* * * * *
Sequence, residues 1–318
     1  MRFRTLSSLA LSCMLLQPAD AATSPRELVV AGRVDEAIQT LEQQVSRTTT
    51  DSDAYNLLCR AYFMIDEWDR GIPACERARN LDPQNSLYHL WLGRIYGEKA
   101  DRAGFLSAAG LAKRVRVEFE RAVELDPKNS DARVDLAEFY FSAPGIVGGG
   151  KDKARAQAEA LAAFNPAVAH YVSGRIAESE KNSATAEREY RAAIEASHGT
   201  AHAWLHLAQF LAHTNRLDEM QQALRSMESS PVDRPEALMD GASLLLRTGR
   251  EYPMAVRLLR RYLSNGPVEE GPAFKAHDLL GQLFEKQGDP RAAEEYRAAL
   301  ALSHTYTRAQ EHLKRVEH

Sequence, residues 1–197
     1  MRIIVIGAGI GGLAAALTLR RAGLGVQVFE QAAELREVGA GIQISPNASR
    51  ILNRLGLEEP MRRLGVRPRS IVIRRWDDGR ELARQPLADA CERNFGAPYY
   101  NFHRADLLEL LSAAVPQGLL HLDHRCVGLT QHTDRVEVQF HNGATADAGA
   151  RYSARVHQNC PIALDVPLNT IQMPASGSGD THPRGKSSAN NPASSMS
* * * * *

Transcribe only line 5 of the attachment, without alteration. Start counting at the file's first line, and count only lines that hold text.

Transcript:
   151  KDKARAQAEA LAAFNPAVAH YVSGRIAESE KNSATAEREY RAAIEASHGT